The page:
A unique magician class based off competitive card games like Yu-Gi-Oh, this character type draws different colored cards every turn, which are used to summon elemental creatures as well as “trap” spells. If you can set and have the enemies trigger all of the traps, it can cause huge amounts of damage.
One of the classes learned when you reach Atlantis, this magic knight class wields knives and has a variety of buff and debuff skills. One of their handiest abilities lets them drain enemy health and magic, and replenish their own.
The other class learned at Atlantis, this class wields scythes and can afflict various status ailments on enemies using the power of the Zodiac.
A class obtained when you reach Eden, the Mage is a standard class that wields maces and has a large variety of attack and curative spells.
The assorted skillsets and unique ways certain classes work make combat fun to experiment with. The only thing really missing from this game is an equivalent to 2020-II‘s Idol class. Although the game still doesn’t include the Synergy abilities from the DS title, there are a handful of skills that allow various classes to work in tandem. For example, the Agent’s Troy ability will enhance the damage of fire or ice attacks, but they don’t have any fire or ice attacks themselves.
Your party is still limited to three characters in battle, though eventually you can create two backup parties, also with three characters each, for nine total. Although they can’t be used directly, they can be summoned during combat after a certain number of turns to provide various bonuses. They can be called for single strikes, which tend to inflict status ailments, and also break any charge or buffs cast by the enemy. If a whole party is charged up, they’ll provide assorted perks for the main party – the classes that resurrect fallen members or cure status ailments are particularly useful. If both parties are charged up, you can perform a Unison attack, where all nine characters attack at once.
Although you can’t directly swap parties during battle, you can switch them at various save points. Plus, they gain the same amount of experience as the main party, allowing you to level them up very quickly. Not only do these provide an extra level of strategic depth, but it allows you to play with various classes outside of the three chosen for your main party, which helps alleviate some of the tedium that comes with dragon hunting. Outside of a few major boss battles, the game is not particularly difficult. The game also brings back the poisonous Furowaro / Dragonsbane flowers in the second half. Thankfully there’s never any case where you need to wade through them, so avoiding damage is just a matter of paying attention to where you’re running.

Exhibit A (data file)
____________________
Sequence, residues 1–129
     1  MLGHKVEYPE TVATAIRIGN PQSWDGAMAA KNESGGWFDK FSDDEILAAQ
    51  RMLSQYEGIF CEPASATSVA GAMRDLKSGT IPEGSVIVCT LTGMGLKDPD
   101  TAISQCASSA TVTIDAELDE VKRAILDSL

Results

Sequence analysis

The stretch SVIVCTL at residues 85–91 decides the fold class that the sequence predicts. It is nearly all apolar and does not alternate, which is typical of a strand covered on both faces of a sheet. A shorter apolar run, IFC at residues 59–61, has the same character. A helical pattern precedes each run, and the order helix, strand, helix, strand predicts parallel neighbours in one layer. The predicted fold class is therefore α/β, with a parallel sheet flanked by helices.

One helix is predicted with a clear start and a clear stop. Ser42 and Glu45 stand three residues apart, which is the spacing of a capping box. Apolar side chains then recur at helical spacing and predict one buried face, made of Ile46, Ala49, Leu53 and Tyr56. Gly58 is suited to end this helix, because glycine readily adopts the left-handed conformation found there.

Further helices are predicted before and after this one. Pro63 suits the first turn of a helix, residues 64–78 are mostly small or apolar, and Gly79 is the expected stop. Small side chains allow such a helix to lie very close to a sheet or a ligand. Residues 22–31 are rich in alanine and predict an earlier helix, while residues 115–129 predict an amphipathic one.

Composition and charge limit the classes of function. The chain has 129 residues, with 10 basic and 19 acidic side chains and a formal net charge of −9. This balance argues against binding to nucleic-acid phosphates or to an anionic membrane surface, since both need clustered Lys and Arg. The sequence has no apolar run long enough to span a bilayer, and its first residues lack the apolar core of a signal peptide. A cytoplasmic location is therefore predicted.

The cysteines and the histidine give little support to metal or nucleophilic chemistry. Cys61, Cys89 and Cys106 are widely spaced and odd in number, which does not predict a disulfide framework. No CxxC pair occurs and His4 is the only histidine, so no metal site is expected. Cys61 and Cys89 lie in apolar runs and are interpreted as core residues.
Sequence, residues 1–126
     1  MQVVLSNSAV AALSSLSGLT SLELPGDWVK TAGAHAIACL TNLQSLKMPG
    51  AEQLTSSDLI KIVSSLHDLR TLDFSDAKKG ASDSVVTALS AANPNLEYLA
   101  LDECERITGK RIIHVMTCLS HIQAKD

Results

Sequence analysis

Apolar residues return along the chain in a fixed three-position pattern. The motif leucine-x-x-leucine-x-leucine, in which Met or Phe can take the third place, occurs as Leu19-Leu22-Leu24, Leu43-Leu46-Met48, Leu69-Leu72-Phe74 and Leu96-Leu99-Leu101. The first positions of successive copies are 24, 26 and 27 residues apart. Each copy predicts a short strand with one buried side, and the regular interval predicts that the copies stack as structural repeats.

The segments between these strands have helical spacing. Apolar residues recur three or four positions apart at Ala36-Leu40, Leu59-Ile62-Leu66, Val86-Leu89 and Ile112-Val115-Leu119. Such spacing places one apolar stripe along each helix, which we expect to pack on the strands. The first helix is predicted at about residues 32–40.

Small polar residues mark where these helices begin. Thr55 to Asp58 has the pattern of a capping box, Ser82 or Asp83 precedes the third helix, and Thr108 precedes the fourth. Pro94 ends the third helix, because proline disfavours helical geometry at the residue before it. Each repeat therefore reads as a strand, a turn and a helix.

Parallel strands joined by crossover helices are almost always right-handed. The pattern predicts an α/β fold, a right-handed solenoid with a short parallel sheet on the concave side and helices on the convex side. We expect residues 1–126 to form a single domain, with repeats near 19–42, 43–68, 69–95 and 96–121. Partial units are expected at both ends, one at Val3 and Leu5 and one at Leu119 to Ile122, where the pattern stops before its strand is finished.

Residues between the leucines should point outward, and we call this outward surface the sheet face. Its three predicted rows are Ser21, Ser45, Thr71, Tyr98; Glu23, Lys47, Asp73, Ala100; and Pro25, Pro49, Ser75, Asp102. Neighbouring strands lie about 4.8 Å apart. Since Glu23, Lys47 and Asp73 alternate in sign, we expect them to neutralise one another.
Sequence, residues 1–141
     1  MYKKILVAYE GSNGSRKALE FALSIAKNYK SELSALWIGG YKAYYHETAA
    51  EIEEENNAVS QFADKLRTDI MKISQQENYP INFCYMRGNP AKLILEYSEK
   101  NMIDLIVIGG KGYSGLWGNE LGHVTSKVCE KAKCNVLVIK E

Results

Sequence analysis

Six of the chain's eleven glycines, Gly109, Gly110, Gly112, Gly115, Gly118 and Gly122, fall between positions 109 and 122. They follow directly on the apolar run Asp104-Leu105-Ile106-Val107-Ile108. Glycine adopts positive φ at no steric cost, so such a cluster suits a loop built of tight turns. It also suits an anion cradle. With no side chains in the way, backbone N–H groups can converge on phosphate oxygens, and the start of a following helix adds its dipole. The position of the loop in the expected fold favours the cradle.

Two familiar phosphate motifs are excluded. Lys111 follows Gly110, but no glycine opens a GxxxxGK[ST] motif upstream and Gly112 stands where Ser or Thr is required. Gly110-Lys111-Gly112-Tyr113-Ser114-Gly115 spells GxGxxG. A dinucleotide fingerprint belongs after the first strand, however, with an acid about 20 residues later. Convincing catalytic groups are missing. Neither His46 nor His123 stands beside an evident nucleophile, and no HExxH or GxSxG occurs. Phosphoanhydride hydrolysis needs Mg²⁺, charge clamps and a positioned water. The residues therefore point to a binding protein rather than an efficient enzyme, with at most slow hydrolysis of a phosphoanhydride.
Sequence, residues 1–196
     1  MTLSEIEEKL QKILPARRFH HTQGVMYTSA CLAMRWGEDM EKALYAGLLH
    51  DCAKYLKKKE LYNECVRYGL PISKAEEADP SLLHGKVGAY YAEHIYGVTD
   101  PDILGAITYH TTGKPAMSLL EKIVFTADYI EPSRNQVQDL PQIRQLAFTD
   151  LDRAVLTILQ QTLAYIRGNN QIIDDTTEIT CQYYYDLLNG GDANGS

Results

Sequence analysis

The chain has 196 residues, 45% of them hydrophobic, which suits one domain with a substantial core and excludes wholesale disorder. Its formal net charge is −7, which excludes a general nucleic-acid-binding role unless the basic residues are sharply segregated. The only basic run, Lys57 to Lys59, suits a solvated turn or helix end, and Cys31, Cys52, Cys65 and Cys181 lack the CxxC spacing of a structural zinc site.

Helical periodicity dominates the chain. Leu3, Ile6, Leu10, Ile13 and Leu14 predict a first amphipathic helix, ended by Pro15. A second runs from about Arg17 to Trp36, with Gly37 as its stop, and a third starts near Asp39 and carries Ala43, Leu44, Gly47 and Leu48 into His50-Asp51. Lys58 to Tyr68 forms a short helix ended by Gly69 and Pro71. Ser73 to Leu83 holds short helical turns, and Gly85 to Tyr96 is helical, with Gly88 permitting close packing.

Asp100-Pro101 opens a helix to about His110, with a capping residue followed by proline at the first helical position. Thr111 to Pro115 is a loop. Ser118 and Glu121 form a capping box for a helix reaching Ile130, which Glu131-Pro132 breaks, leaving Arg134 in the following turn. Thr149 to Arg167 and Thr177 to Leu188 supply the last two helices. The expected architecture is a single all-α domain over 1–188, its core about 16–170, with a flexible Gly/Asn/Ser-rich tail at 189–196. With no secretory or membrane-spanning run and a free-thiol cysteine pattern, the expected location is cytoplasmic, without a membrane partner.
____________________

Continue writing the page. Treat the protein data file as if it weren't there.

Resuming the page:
The visuals are close to the PSP games, in many cases still reusing some of the same assets, including some of the dragons. However, the character models are no longer super deformed, and generally the game looks slightly better. The map on the bottom screen is also nicer than the transparent overlay of the PSP games.The music is also similar, and again provided by Yuzo Koshiro. The best battle and dungeon themes are in the Tokyo segments though, which are very brief, so they feel wasted. However, since Hatsune Miku is no longer in the game, there are no Diva versions of the tracks. There are a few vocal tracks used in the major dragon battles, which are excellent.
The story also feels rather rushed by the end. 7th Dragon began as a series with huge ambitions, spread across several games. Obviously that didn’t work out, and 7th Dragon III is given the task of trying to wrap everything up. The title refers to the seven True Dragons, and the previous games only even mentioned a few of them, so the latter half of the game reveals and packs in as much as possible. It also finishes up the arcs of Eden and Aytell, which don’t have much of any impact unless you’re familiar with the previous games.
In spite of this bookending the series, 7th Dragon III is easily the pinnacle of the series. Its combat is fun, with a flexible character development and plenty of unique classes, and the story, while not fantastic, ties together all of the previous games into a cohesive whole. And most importantly, it finally found its own identity, after operating in the shadow of other RPGs.